The use of three-dimensional (3D) ultrasound examination is the next step. This technique has been a major breakthrough in the study of the fetal face and has given rise to a new discipline called ‘fetal dysmorphology’ (see later discussion).
Suspected anomalies can be validated by objective measures of the craniofacial features at a single point in time as well serially at different gestational ages. The combination of typical facial features combined with additional findings such as associated structural anomalies affecting all organs but especially the central nervous system (CNS), poly- or oligohydramnios, fetal size, information obtained from family history and a genetic workup can lead to recognition of a known syndrome.
Three-Dimensional Ultrasound of the Fetal Face
Three-dimensional ultrasound is especially useful in demonstrating curved structures ( Fig. 35.5 ) and surface malformations ( Fig. 35.6 ) and improves accurate topographic depiction of structures. Therefore, this technique is a major addition in the assessment of the fetal face.
In 2D ultrasound, a single plane is imaged at a time, and the sonographer has to construct in her or his mind the complex 3D anatomy of the face. 3D ultrasound enables to collect a volume of ultrasound information consisting of multiple 2D slices. The examination starts by placing a box (region of interest) of variable size on the 2D image of the object that we want to investigate. Then a sweep is produced by a motor within the probe, whereby all the adjacent 2D slices within the box are stored. When the fetus is quiet, a slow sweep can be used, which improves spatial resolution. Ideally, there should only be amniotic fluid in front of the face and no other structures such as limbs. All stored sectional planes are integrated to form the volume. After the volume is digitally stored, the volume can be manipulated by modifying the colours and the image settings and by using different modes. These options can extract different information from the same dataset. Volumes of the fetal face are usually analysed by using cross-sectional images through the volume or by rendered images. Both approaches improve understanding of the complex anatomy of the face; cross-sectional imaging by enhancing spatial awareness and rendering imaging by facilitating a lifelike 3D view of the face (see Fig. 35.5 ).
When cross-sectional imaging is used, usually the three orthogonal planes are displayed simultaneously, named multiplanar imaging ( Fig. 35.7 ). The ultrasound volume of the fetal face can be rotated and reviewed millimetre by millimetre by scrolling through the volumes.
It is advisable to turn the face in the standard position with the coronal view in the upper left box, the profile view with the nose pointing to the left in the upper right box and the axial view with the nose pointing downwards in the lower left box (see Fig. 35.7 ). In this way, it is clear what is the right and left side of the fetus, and using standard positions improves subjective pattern recognition. The reference dot, which marks the intersection of the three orthogonal planes, is very helpful in identifying structures.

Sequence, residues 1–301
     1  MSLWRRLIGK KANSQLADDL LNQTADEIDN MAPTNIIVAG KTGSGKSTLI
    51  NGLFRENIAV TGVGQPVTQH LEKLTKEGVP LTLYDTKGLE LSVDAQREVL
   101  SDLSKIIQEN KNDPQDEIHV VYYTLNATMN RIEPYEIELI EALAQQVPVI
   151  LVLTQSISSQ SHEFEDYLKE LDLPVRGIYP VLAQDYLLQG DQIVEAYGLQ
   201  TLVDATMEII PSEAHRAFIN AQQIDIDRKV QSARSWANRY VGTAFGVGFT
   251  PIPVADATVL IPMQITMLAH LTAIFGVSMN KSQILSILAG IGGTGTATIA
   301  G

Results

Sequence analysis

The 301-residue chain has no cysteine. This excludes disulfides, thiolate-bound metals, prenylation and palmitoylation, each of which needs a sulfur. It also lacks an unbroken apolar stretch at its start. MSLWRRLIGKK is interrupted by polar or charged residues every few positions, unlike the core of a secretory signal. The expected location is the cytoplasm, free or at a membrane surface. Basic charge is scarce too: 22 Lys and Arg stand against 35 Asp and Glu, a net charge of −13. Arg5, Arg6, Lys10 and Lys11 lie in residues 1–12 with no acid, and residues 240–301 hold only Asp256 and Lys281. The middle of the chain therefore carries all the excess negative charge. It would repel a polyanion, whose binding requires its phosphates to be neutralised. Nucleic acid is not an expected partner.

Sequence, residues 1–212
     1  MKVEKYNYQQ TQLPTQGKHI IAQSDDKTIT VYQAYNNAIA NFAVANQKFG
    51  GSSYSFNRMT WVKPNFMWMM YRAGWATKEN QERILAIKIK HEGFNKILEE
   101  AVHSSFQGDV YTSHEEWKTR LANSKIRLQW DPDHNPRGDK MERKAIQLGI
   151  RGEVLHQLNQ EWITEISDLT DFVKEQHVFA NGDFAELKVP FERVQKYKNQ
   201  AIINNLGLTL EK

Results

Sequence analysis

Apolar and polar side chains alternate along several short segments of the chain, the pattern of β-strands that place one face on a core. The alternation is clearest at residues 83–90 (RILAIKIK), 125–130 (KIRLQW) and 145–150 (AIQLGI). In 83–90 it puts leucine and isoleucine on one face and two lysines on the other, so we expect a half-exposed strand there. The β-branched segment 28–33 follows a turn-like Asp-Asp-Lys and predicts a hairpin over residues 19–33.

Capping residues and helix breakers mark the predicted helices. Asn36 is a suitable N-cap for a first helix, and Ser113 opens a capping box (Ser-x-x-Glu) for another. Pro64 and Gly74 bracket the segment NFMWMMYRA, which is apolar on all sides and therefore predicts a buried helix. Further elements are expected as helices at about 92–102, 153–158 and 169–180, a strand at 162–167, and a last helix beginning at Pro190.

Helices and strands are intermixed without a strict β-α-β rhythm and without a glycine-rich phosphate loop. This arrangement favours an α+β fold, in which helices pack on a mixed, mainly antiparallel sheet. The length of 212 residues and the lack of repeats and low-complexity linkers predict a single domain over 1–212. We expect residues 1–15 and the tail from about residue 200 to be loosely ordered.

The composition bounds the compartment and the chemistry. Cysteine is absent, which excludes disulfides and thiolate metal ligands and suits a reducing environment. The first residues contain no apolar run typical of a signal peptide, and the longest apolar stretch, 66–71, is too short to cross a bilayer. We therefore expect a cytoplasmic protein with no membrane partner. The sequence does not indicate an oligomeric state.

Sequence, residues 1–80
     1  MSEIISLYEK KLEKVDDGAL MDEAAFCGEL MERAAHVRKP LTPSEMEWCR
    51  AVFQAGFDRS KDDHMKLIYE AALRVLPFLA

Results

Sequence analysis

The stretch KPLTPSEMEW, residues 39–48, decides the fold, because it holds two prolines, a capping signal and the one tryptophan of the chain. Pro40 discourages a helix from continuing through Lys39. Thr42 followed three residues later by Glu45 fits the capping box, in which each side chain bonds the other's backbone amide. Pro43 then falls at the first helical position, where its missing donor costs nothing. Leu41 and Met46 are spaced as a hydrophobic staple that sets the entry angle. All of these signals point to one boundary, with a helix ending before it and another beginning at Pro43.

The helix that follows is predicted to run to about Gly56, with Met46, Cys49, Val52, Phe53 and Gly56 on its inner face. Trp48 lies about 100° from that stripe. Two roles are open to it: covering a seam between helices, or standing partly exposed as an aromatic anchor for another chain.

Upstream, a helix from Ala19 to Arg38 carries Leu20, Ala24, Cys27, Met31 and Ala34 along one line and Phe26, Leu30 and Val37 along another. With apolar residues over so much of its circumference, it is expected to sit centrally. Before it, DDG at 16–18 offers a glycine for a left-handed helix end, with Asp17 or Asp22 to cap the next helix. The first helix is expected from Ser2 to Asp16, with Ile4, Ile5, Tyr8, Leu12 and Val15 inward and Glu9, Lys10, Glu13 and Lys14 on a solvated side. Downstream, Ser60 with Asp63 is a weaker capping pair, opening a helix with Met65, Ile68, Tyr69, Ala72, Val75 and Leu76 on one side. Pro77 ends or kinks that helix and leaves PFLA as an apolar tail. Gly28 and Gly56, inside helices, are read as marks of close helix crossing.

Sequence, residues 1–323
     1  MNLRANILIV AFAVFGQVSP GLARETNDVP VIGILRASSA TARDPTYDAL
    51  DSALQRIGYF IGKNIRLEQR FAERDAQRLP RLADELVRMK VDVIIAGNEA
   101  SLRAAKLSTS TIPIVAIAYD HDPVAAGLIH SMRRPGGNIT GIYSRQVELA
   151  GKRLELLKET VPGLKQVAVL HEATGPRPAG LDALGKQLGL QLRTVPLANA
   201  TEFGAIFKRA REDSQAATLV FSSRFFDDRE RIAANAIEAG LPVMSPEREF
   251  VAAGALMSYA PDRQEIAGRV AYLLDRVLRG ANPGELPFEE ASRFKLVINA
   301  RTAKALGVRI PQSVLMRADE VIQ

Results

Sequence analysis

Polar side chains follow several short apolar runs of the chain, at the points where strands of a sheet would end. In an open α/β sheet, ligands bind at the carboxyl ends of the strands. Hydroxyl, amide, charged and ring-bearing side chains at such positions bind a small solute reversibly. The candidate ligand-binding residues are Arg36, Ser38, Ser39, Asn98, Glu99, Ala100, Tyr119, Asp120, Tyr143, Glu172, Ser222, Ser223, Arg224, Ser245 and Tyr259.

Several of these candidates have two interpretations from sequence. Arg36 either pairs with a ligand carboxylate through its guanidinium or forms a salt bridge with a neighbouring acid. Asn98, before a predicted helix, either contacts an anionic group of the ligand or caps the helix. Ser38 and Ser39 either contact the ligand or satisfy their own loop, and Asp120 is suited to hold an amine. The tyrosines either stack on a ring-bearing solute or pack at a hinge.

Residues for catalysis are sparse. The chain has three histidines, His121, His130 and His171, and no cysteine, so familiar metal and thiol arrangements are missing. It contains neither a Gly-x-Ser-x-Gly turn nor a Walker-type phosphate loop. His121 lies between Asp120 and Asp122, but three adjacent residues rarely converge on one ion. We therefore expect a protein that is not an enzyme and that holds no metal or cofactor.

Multiplanar imaging is extremely helpful in defining the exact midsagittal plane. When examining the fetal profile (FP) subjectively, the true midsagittal plane is usually assumed to be present. However clear landmarks to define the exact midsagittal plane are missing. It is shown that presumed 2D profile images are significantly oblique in 30% of cases. The multiplanar imaging of 3D ultrasound provides the ultrasonographer with a unique tool: the possibility to visualise contemporarily the three orthogonal planes. A deviation from the exact midsagittal plane is easily recognised and can be corrected to the true midsagittal plane. Evaluation of the profile in an incorrect midsagittal plane can lead to diagnostic inaccuracies. For example, in a view deviating from the midsagittal plane, the most protruding part of the chin will not be visualised, creating the impression of retrognathia. Also, the forehead will suggest more bossing and the nose will seem small ( Fig. 35.8 ).
Another way to display a volume cross-sectionally is by tomographic ultrasound imaging or the ‘multislice method’. Several slices of a volume, which are parallel to each other, are simultaneously displayed with predefined number and spacing of the slices ( Fig. 35.9 ). This offers the examiner a more complete picture. The mandible and maxilla, for example, can be viewed at the same time.
In rendering mode, the image includes information from the entire volume. The images from the three orthogonal planes are combined to obtain a realistic 3D picture (see Fig. 35.5 ). It is possible to turn and rotate the volume and view the volume from various positions. Technical options such as the electronic scalpel used to remove unwanted structures can improve the image quality and the diagnostic value of the ultrasound examinations ( Figs. 35.10 and 35.11 ).
By choosing various threshold values, the rendered volume can be studied in a variety of ways. In the surface view, the outer surface of the fetus is highlighted. The fetus is displayed as a 3D sculpture. There are various technical options for editing this sculpture, for example, adjusting the gain or the position of the light or using high-definition techniques that provide skin-like pictures with sharp contrasts ( Fig. 35.12 ). By observing the fetal face in rendering mode, we will have a general subjective visual impression comparable with the ‘gestalt’ approach of clinical genetics, offering the possibility to suspect dysmorphologies, especially later in pregnancy ( Fig. 35.13 ). Rendering mode is also helpful in assessing tumours, clefts and ear anomalies. In the maximum mode, the bones are emphasised. The strongest echoes are kept, and the echoes from the soft tissue are eliminated ( Fig. 35.14 ). This especially allows visualisation of curved skeletal structures such as sutures and fontanels of the skull, hard palate and nasal bones.